At the Blue Mountains Cultural Centre until 3 January, this exhibition draws together works from the Bundanon collection to show how Arthur Boyd’s art and political life were intertwined.
“The exhibition includes works by Boyd’s contemporaries and is supported by loans from public and private collections, photographs and other documents.” More information here.
Friday, December 4
If you can take a Friday off, why not head up to the Blue Mountains Cultural Centre for the fourth Wollemi Artisan Market. It’s a curated market featuring artists and designers from the Blue Mountains, Sydney, and west of the Divide.
More information here.
December 2015 to April 2016
Bilpin (less than an hour from Bunjaree Cottages) is one of the treats of the Bell’s Line of Road, and is running its community markets through to April 2016.
More information here.
Shakespeare lovers, set aside time in January
In January, don’t forget the Leura Shakespeare Festival. This year’s festival pairs The Bard’s Love’s Labours Lost with a one-act curtain-raiser, Shakespearealism, by Australian actor and film director Josh Lawson, and Oscar Wilde’s The Importance of Being Earnest.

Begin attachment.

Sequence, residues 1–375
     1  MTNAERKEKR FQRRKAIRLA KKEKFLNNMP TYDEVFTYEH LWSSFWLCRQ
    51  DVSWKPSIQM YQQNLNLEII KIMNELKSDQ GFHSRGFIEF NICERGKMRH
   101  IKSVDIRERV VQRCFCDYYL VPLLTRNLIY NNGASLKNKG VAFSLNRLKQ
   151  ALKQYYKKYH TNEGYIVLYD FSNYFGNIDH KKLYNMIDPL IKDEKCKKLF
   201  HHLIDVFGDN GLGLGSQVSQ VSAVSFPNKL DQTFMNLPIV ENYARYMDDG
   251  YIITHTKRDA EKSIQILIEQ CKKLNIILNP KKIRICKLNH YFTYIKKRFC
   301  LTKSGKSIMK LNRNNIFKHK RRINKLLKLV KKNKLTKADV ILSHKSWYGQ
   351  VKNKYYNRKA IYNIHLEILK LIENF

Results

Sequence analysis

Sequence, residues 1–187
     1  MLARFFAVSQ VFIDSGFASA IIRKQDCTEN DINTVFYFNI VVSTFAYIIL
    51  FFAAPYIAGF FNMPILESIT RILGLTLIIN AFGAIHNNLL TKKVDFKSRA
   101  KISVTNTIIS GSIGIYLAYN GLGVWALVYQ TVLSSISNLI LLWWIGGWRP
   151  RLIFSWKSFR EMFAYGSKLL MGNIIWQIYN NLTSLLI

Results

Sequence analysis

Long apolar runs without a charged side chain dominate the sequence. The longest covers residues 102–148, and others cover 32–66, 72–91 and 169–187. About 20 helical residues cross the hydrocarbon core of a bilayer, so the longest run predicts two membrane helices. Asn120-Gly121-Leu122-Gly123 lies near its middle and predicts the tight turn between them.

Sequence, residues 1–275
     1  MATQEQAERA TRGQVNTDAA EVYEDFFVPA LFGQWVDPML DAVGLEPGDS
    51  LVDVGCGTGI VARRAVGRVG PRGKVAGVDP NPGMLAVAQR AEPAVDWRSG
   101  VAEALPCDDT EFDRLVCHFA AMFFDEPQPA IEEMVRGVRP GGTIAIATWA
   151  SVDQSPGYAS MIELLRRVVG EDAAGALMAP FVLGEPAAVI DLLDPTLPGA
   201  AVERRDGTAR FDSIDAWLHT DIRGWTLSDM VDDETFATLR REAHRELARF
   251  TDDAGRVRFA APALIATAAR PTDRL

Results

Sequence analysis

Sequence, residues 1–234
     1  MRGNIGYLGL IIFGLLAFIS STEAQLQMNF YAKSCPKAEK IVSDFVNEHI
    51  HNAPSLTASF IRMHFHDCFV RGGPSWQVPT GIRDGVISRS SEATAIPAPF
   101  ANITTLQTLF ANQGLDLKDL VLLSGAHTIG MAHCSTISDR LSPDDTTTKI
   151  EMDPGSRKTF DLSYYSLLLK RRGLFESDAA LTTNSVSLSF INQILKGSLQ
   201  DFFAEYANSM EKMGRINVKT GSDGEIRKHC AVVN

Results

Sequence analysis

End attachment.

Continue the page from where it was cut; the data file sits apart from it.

Ticketing will soon commence here.
Bunjaree Cottages’ nearly-virgin bushland means there’s lots of birds year-round, but of course some of our birds are seasonal. Others we see but don’t identify, and that’s where it’s lovely to have guests that know more than we do!
Courtesy of a guest who was a keen bird-watcher, we have been able to add eleven new confirmed sightings to the Bunjaree bird list. Many thanks to Peter for his help and his keen eye! We’ll provide more information about each species in the coming months.
Buff-rumped Thornbill – a small flock was seen on the driveway, which is their usual feeding habit.
Channel-billed Cuckoo – sorry if you don’t like their habit of night-calling, but it is currently their mating season. They’re the largest brood predator in the world, according to Wikipedia.
Crested Shrike-tit – sighted on the Tea-Tree Cottage driveway.
Fan-tailed Cuckoo – A daily visitor at the moment.
Little Raven – Which we really should have listed ourselves; it’s funny how the things you see everyday escape your notice when you try to make a list!
Noisy Friarbird – Expertise from others is wonderful: we have never spotted this at all, and now we’re on the lookout!
Silvereye – Another bird it should have occurred to us to look for!
Southern Boobook – We were very pleased to have this identification. While Boobooks aren’t rare, we’re no good at identifying night-birds!